The little girl replied, directly into the pastor’s clip-on microphone, “Yes, and my mom says it’s a bitch to iron.”
(h/t: RD Blakeslee)
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Other Useless News
Here are the top — and bottom — five states in terms of the average number of pages viewed per visit here at Len Penzo dot Com over the past 30 days:
1. Minnesota (1.85 pages/visit)
2. New Mexico (1.81)
3. Arkansas (1.75)
4. Oklahoma (1.68)
5. Maine (1.66)
46. Rhode Island (1.20)
47. Iowa (1.19)
48. Montana (1.16)
49. Alaska (1.13)
50. Illinois (1.07)
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Letters, I Get Letters
Every week I feature the most interesting question or comment — assuming I get one, that is. And folks who are lucky enough to have the only question in the mailbag get their letter highlighted here whether it’s interesting or not! You can reach out to me at: Len@LenPenzo.com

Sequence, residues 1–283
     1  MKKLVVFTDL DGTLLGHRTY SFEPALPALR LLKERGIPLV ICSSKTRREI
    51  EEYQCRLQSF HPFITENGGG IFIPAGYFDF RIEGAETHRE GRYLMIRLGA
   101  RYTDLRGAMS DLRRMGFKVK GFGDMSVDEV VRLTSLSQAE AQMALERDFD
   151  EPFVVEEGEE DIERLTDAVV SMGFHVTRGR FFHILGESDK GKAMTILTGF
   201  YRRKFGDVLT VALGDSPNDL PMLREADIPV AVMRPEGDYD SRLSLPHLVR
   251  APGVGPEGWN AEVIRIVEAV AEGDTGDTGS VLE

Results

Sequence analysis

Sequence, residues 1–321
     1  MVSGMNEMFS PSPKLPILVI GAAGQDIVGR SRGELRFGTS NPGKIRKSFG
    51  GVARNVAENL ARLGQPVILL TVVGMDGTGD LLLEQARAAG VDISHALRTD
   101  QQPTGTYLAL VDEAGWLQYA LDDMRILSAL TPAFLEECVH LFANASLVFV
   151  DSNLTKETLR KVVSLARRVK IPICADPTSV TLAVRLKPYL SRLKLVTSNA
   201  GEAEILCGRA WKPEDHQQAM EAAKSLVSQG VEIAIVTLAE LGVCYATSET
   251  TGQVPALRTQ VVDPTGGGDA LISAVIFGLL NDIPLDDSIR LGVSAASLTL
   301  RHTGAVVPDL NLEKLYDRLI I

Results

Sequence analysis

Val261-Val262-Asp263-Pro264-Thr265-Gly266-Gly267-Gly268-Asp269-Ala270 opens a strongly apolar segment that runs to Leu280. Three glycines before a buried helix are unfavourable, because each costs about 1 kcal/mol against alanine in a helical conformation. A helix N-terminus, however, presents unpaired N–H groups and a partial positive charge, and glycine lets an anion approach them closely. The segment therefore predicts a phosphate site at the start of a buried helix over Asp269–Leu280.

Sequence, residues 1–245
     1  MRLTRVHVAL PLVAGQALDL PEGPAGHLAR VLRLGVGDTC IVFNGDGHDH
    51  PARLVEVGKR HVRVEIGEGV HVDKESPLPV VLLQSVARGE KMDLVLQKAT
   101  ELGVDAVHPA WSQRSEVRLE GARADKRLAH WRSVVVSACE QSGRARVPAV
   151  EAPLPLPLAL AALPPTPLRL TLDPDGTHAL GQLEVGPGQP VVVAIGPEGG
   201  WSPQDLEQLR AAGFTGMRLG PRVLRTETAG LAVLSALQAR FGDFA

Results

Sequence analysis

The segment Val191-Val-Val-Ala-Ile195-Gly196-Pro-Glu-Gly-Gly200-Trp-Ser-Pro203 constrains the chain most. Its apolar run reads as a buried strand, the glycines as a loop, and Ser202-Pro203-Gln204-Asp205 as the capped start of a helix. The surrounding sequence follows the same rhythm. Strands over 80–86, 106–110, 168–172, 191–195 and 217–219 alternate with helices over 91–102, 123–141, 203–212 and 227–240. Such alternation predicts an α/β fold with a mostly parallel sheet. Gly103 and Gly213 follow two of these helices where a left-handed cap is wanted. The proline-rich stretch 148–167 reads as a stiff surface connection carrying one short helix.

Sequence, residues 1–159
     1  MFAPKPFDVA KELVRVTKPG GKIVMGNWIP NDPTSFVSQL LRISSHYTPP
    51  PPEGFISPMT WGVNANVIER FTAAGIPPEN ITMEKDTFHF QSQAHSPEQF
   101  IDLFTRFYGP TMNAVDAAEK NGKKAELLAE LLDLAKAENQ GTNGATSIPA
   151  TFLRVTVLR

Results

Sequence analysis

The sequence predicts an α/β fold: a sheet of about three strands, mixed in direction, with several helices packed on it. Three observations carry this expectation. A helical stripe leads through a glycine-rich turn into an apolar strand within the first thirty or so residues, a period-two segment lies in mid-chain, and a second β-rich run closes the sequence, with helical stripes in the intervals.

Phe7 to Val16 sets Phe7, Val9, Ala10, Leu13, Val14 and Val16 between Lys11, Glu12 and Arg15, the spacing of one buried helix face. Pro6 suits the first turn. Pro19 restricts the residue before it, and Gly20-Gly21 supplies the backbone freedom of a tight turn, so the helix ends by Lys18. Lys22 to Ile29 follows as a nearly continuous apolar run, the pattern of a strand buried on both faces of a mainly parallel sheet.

After reading this week’s article explaining how people with bad credit can get an ATV loan, Frank, had this question:
“If you have shit credit, then do you really need to be spending your money on a toy?”
Note to self: If I ever have bad credit, but still want a loan to buy an ATV, stay away from the Bank of Frank.
If you enjoyed this, please forward it to your friends and family. I’m Len Penzo and I approved this message.
Photo Credit: public domain